Covid-19 vaccine side effects: What to do if you have them

By Kelly Jane Turner Time of article published May 21, 2021

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Phase 2 of South Africa’s vaccine roll-out has seen close to 117 000 people over the age of 60 receive the shot.

Health Minister Zweli Mkhize said on Thursday that those who experience side effects after receiving the vaccine should report it.

He said the no-fault compensation fund would cover any adverse side effect costs should there be a need for anyone to be compensated.

“We wish to assert our position as government that all adverse events arising from the inoculation of a Covid-19 vaccine should be reported.

“This can be done either directly to a health-care worker; or by calling the Covid-19 hotline (0800 029 999); or by engaging SAHPRA’s Med Safety App.”

The National Institute for Communicable Diseases (NICD) said mild side effects are common after people receive any type of vaccine and it could indicate that a person’s body is building protection through the production of antibodies.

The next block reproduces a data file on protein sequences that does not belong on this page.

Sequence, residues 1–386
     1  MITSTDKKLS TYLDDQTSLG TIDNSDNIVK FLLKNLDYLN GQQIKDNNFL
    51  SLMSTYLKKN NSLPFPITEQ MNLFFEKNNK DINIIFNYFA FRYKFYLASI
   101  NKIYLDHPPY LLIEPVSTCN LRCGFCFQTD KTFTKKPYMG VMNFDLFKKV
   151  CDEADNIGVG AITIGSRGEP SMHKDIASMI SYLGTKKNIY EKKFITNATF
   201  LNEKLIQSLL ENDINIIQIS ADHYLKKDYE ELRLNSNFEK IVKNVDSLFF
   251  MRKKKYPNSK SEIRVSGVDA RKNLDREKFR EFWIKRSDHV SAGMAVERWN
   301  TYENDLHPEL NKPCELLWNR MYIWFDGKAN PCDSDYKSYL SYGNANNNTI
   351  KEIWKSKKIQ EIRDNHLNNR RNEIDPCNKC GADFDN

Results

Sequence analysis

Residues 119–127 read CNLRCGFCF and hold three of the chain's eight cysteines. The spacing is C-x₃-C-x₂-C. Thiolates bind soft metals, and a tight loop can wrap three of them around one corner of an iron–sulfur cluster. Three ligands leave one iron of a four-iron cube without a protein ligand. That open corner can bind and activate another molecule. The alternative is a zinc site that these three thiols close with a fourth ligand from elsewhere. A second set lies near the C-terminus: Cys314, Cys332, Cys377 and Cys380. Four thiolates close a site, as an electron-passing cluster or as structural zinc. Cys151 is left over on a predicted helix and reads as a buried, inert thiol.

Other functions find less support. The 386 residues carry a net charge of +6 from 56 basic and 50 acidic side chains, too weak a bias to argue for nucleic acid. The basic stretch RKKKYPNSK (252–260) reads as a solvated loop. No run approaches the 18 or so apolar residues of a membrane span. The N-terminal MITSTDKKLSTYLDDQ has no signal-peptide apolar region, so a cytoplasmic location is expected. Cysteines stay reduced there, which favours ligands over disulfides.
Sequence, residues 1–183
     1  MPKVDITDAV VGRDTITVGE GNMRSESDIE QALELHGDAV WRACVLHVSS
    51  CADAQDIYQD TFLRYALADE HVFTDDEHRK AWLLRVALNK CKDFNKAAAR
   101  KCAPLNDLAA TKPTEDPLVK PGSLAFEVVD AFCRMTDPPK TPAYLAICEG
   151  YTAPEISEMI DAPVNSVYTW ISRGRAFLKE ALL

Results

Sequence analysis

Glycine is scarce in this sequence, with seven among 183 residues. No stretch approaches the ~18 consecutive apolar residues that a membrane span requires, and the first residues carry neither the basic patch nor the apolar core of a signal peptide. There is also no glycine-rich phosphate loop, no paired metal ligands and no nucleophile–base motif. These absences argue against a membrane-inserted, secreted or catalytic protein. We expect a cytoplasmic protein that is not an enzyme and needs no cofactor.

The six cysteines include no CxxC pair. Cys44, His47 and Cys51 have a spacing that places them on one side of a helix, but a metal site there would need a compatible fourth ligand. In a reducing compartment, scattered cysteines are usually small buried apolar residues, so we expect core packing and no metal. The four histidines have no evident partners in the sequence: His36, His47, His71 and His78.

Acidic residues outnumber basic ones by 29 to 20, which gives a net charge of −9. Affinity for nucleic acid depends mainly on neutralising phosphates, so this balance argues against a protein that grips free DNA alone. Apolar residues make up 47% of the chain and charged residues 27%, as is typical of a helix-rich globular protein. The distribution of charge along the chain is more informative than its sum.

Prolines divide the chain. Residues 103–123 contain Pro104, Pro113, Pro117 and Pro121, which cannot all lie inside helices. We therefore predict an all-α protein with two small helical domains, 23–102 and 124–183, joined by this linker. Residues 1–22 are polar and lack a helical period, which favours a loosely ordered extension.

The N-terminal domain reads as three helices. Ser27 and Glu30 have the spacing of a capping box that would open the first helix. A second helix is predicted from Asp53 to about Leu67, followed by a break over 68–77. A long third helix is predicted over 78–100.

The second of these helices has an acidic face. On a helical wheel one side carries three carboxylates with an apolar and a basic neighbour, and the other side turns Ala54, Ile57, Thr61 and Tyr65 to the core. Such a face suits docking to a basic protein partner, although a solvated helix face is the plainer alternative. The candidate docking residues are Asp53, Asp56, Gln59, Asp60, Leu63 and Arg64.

At most, the NICD said side effects could last up to a week but usually people fully recovered after 2-3 days.

Some of the most common mild side effects include:

  • Pain, swelling, or redness where the vaccine was injected
  • Mild fever
  • Chills
  • Feeling tired
  • Headache
  • Muscle and joint aches

Some of the less common side effects include:

  • Difficulty breathing
  • Swelling of the face and throat
  • A fast heartbeat
  • A bad rash all over your body
  • Dizziness and weakness

If a vaccinated individual experiences lasting and worrying symptoms or if the redness or tenderness at the injection site worsens after a day, they are encouraged to seek care immediately.

They can go to an emergency unit and a blood test will check if their platelets are low.

The Sisonke Safety team of doctors are available 24/7 and can be contacted at 0800 014 956.

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